That’s going to appeal to different people. There are some who will love it: “Woo hoo! I get to read about non-monogamy, terrible Bible stories, the ethics of veganism, disability,  abortion, why it’s okay for adults to like superhero movies, social justice issues in Dungeons & Dragons, feminism and the hijab, subtle and not-so-subtle racism in Zootopia, body issues for transgender people, and Steven Universe—all in the same place!” There are some who won’t like that at all, and who’ll seek a more specific editorial focus in their media.

And that’s fine. It’s more than fine—it’s important. If the humanist community is going to welcome and support a wide variety of people, we need to build a variety of homes. Different people are drawn to different core values. Different focuses. Different vibes, for lack of a better word. Some prefer voices that are more gentle or more strident, writing that’s more scholarly or more conversational, communities that are more social or more activist, and online homes that are more sprawling or more tightly focused.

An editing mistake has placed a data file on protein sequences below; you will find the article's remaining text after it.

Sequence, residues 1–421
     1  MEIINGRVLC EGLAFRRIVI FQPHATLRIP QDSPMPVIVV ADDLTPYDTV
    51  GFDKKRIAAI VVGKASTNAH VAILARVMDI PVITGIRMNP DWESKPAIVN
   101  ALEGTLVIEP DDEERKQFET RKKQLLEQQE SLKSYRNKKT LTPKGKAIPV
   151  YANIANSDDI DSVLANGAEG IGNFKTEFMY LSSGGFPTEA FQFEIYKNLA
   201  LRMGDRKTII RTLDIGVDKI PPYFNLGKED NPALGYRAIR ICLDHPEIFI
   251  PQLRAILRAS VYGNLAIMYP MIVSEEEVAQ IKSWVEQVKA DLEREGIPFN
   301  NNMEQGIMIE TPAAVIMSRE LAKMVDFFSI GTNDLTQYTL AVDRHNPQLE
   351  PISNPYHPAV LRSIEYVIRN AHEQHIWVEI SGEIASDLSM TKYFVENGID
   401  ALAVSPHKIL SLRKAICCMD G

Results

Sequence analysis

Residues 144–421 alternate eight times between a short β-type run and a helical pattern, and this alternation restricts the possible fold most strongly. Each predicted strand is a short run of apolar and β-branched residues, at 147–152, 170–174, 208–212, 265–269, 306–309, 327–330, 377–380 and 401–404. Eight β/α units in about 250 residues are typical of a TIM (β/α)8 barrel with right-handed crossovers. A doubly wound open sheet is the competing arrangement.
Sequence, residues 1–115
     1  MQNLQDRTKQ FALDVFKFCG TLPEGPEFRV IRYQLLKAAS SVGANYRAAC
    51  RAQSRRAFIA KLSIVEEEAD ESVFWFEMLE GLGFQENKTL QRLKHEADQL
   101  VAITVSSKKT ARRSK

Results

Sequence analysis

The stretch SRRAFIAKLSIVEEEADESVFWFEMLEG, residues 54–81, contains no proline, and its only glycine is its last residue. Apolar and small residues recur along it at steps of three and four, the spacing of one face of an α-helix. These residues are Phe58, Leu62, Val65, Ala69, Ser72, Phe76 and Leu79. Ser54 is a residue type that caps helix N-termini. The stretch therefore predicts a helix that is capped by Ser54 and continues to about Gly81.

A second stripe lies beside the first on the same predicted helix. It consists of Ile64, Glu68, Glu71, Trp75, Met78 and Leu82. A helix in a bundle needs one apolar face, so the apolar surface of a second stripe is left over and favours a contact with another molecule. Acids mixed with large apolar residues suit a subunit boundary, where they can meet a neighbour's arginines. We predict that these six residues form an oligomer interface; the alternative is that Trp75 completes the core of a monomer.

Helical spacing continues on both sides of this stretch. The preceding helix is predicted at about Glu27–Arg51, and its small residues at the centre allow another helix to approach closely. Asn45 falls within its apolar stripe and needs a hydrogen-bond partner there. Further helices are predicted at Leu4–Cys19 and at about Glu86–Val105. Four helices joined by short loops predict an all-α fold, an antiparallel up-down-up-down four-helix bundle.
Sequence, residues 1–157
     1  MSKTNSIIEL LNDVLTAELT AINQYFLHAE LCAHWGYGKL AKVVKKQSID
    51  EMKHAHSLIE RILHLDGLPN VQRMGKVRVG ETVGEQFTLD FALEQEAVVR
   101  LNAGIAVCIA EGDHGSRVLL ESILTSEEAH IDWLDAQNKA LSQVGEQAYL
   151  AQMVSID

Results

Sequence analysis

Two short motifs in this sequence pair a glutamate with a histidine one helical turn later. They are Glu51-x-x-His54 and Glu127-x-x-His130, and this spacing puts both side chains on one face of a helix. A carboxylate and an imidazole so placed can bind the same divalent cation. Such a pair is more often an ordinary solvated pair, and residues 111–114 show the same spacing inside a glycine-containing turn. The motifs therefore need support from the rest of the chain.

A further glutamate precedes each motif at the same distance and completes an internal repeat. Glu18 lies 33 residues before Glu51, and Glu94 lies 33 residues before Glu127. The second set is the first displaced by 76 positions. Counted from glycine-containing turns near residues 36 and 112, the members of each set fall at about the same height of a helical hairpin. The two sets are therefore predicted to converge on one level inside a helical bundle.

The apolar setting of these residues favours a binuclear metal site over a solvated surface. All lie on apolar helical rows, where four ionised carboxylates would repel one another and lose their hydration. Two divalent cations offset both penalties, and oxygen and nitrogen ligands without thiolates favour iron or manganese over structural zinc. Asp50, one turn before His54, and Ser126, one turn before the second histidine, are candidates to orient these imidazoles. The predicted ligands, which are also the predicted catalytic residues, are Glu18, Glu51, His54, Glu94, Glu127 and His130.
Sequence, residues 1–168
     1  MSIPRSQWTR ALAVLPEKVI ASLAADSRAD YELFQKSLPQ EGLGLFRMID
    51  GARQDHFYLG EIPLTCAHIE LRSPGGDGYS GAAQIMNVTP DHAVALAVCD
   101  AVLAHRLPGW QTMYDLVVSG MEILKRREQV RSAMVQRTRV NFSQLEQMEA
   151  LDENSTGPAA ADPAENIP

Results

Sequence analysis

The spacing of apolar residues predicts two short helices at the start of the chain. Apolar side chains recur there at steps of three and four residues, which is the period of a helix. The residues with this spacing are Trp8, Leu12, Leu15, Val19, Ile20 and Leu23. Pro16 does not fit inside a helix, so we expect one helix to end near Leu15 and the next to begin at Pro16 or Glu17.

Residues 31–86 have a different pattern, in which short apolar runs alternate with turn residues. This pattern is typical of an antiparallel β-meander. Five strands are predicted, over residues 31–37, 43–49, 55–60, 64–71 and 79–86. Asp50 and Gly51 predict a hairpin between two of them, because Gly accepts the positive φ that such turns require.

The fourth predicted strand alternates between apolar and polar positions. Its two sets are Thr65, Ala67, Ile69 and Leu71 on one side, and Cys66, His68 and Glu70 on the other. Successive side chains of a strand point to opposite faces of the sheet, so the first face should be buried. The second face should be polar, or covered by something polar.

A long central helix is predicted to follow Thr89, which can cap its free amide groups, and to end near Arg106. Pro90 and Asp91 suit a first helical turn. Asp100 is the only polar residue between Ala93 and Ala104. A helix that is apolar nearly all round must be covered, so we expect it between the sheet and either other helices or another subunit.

That’s good for all of us. It’s good for you because you might find your old favorite writers at The Orbit, or find new writers who will become your new favorites. And it’s good for you even if you don’t become a regular reader, or don’t care for the site at all—because other people will love it, and some of those people will be inspired to join your local community, to support your favorite national organization, to become activists or leaders in the secular movement, to do better-informed advocacy about diversity within the secular movement, to become representatives of humanism and atheism in their own communities and movements. It’s good for you because we’re creating atheist and humanist visibility in places that other organizations and sites aren’t going to reach—just like other groups will reach people we won’t. The more humanist homes we have, the more people we’ll draw to our movement, and the stronger we’ll all become. We are all gateways to each other.